My Salone del Mobile, by Guest Blogger Sherri Donghia

By natalie

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When faced with the challenge of finding the right person to cover this year’s Salone del Mobile, we immediately turned to our friend Sherri Donghia. The award-winning designer served as Executive VP of Design & Marketing at Donghia Furniture and Textiles for over 20 years and currently heads a consulting firm, SD International, specializing in textile and product design. Innately interested in what is new in the design world, Donghia attends the Milan-based design exhibition every year, taking numerous photos of the places, spaces, and things that move her the most. In this post, she muses on her relationship with the event, and how children and design kept popping up this year. Stay tuned to Design-Calendar for more of Sherri’s favorites from Milan…

Sherri Donghia


My love affair with the Salone del Mobile and Milan, its host city, extends well over a decade. As a designer, I find the annual experience inspiring and energizing for my creative process – moreover, it confirms ideas and trends for new products, colors, and textures, in multiple categories pertaining to lifestyle in a broader consciousness. For example, my first exposure to the Slow Food movement was six years ago during the fair. Milan, known as one of the major fashion capitals of the world, has embraced global art and design in every category – the city itself turns into a circus in the best sense of the word, where one will see design displays everywhere – in the hidden courtyards, in the shop windows, and even in the restaurants and cafes. Every year, the “city of fog” becomes an elaborate stage for cross-generational, multicultural celebration attracting academics, retailers, curators, designers, architects, journalists, and design groupies alike. And of course, me.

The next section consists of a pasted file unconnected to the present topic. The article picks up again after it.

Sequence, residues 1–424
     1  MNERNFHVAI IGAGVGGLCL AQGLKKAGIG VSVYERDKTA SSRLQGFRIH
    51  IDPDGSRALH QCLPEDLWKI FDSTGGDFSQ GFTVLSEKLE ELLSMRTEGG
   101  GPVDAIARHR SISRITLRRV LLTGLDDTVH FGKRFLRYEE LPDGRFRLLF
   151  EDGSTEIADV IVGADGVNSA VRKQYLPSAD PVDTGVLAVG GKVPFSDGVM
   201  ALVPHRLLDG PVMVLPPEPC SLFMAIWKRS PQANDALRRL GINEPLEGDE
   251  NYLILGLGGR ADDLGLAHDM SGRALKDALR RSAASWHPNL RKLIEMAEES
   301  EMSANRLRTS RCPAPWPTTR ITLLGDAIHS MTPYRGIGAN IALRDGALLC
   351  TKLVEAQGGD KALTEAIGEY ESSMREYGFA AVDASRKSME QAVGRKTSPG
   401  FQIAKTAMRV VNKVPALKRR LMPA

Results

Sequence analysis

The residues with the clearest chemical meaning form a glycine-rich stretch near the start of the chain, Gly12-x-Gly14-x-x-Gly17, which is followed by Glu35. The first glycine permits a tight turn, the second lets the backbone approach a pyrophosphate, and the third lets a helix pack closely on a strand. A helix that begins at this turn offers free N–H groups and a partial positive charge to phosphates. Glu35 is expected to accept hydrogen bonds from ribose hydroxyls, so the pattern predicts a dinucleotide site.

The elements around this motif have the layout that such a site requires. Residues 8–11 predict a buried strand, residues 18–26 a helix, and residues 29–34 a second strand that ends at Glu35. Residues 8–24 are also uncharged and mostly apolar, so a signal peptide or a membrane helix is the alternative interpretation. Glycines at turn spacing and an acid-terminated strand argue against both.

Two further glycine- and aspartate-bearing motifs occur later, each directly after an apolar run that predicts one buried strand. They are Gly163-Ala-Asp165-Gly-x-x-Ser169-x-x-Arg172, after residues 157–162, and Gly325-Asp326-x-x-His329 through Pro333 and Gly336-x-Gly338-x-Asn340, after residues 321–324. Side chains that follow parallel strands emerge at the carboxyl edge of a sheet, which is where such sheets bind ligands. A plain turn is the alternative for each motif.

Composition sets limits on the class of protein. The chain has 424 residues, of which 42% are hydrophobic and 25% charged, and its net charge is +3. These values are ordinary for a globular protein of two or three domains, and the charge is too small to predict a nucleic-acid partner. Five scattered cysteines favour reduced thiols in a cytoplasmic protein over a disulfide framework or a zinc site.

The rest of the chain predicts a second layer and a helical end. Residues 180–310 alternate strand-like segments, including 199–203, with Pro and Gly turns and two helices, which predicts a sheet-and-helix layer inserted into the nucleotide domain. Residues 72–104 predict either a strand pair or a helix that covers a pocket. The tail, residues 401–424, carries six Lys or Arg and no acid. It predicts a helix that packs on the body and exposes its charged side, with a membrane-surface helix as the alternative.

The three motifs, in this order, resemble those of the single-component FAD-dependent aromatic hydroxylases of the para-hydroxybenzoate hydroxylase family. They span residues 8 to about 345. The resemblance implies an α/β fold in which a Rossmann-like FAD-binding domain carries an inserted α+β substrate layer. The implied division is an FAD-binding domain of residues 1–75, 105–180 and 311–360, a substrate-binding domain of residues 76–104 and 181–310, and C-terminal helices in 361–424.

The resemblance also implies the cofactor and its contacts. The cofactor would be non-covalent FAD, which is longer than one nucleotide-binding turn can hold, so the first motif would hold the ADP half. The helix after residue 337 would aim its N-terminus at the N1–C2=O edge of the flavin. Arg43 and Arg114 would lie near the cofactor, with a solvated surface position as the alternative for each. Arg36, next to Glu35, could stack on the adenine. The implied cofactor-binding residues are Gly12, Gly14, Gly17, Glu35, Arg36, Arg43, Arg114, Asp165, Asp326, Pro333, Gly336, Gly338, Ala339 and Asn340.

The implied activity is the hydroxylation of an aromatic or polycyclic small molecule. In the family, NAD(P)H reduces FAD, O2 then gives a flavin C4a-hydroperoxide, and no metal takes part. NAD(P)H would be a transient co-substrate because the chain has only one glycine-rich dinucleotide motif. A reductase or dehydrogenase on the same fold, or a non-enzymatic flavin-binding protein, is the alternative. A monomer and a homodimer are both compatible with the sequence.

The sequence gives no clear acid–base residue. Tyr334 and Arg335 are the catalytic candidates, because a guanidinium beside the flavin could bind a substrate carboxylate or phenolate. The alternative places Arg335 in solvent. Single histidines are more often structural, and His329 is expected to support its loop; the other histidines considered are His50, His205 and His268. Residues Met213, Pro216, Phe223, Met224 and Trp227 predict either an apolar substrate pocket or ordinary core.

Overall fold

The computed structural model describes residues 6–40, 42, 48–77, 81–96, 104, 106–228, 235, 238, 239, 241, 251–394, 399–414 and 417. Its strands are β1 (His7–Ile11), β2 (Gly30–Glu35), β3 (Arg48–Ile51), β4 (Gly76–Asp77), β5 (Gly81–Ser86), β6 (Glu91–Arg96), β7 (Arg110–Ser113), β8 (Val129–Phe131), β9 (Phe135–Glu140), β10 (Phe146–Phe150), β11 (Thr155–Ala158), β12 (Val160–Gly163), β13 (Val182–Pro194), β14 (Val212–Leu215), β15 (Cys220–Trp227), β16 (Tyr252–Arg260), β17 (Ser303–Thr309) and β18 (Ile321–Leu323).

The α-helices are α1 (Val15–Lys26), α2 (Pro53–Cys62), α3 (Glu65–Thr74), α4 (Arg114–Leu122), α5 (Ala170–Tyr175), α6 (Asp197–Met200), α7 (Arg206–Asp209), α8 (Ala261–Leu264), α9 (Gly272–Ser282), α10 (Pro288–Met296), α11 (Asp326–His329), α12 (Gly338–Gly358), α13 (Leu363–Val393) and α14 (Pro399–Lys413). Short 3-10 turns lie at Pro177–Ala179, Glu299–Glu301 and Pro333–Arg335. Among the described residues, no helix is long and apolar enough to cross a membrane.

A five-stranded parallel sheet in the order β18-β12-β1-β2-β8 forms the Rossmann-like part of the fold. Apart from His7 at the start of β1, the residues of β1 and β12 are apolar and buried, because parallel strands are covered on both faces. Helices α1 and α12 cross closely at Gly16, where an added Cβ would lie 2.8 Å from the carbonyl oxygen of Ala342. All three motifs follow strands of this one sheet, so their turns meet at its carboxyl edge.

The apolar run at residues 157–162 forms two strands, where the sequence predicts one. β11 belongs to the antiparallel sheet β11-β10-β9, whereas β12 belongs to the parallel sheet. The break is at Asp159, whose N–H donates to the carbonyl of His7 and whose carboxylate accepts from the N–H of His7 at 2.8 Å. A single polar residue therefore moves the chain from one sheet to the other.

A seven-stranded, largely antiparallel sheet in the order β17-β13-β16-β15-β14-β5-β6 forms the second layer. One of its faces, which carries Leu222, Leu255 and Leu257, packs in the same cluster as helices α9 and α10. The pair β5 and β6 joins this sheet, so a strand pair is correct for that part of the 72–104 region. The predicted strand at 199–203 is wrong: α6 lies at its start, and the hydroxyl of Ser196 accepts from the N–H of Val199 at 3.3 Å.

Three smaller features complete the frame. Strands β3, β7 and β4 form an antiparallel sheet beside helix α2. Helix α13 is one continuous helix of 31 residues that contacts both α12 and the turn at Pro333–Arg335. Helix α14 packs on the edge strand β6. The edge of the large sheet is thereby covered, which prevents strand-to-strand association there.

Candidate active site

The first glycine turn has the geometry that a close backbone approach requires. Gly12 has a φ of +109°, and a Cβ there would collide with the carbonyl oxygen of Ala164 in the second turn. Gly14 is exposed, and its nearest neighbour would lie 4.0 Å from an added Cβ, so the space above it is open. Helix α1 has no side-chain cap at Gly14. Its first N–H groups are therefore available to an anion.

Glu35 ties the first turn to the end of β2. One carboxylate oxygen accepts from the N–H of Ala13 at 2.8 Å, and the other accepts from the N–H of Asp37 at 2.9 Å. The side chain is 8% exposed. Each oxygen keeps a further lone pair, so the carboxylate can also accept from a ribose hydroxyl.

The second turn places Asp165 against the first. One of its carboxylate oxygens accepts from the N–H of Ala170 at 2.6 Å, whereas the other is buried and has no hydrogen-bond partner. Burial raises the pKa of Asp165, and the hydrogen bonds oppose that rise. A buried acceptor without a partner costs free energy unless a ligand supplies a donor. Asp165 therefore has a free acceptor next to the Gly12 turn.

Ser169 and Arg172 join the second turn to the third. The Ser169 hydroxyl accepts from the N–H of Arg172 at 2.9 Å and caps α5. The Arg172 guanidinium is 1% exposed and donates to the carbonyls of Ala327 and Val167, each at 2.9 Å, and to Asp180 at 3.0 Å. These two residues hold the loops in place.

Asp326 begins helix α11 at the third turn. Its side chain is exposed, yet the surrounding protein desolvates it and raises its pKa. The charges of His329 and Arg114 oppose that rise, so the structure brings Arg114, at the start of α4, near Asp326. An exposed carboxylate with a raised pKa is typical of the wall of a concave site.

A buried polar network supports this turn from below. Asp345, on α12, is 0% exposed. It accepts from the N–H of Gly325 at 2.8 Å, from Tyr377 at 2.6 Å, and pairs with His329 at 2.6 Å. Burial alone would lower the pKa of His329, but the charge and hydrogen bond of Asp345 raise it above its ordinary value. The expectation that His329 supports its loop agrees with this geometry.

This year, the city decorated one of its chicest streets, via montenapoleone, with a luminous array of 200 individually designed lanterns. When I saw the lamps for the first time, I knew I had arrived…The project, titled Luce dal Lino 2010, was part of the 2010 Fuorisalone.

When I am away from the US, I notice how differently other cultures react to, and live with, design. Europeans, who have a strong understanding of their countries’ cultural patrimonies from an early age, interact like second nature with design pieces at museums, retail stores, and even children’s shops. This year, I was so intrigued to see families with children of all ages being entertained by these visual and tactile environments. These photos are really a testament to the fact that the governments of the important design cities in Europe are supporting and nurturing their design output.

designer lampshades were hung throughout Milan's via montenapoleone

A red lampshade at the intersection of Via Montenapoleone and Via Manzoni


Milan, illuminated.

Old & New Design clash at the Duomo

happy children at the Triennale

Playing at the Ceramic Tiles of Italy Playground, at the Triennale

a design encounter on Via Montenapoleone

The MAC cosmetics counter at Rinascente, a popular department store

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